Facebook has admitted that some of the ads it sold during last year’s US presidential election campaign were bought by a shadowy Russian company that was trying to influence individual voters.
In a blog post, Facebook’s chief security officer Alex Stamos said they had traced $100,000 worth of sales to a Russian “troll farm” which has been linked to past efforts to spread pro-Kremlin propaganda.
Some of the ads named then-Republican nominee Donald Trump and Democrat Hillary Clinton, according to US media reports, although Facebook would not say which candidate had been favored.
Most of the ads focused “on amplifying divisive social and political messages across the ideological spectrum,” wrote Stamos in his post, “touching on topics from LGBT matters to race issues to immigration to gun rights.”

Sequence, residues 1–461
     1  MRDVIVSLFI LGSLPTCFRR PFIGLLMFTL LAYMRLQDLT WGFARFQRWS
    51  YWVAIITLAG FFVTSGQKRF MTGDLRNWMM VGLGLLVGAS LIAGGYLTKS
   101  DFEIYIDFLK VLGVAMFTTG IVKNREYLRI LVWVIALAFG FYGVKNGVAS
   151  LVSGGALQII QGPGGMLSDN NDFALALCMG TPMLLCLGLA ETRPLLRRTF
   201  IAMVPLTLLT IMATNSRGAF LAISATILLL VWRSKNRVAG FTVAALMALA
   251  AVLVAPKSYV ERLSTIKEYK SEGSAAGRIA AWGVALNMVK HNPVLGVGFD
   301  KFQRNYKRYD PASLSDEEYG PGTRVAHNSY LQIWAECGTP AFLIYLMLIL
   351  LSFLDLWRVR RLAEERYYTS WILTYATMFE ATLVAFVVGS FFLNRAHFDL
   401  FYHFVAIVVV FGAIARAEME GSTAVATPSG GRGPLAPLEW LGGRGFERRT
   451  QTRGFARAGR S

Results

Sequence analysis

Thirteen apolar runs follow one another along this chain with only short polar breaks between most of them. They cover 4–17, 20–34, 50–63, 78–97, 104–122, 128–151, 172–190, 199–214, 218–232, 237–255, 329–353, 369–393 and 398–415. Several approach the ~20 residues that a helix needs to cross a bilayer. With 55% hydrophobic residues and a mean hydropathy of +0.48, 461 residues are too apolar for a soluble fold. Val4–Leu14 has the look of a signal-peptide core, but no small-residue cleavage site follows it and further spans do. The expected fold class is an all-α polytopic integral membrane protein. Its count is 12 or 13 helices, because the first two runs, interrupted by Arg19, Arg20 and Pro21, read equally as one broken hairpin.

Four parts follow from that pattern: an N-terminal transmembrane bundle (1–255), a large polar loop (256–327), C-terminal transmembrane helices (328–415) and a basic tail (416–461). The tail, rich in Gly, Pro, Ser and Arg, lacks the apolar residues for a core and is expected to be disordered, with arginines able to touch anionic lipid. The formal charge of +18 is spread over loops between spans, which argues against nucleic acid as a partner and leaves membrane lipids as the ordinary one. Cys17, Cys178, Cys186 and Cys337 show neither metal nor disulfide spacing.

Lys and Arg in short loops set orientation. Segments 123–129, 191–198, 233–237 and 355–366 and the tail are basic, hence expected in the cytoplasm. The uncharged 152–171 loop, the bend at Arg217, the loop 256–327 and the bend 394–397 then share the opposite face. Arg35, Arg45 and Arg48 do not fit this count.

Although the amount of money involved is relatively small, Facebook’s admission has added fuel to the already combustible issue of Russia’s alleged interference in last year’s election - and whether there was any coordination with the Trump team.
It has also put the social media giant on the defensive, following persistent criticism that it had turned a blind eye to disinformation and fake news being spread on its pages during the campaign — something the company had denied.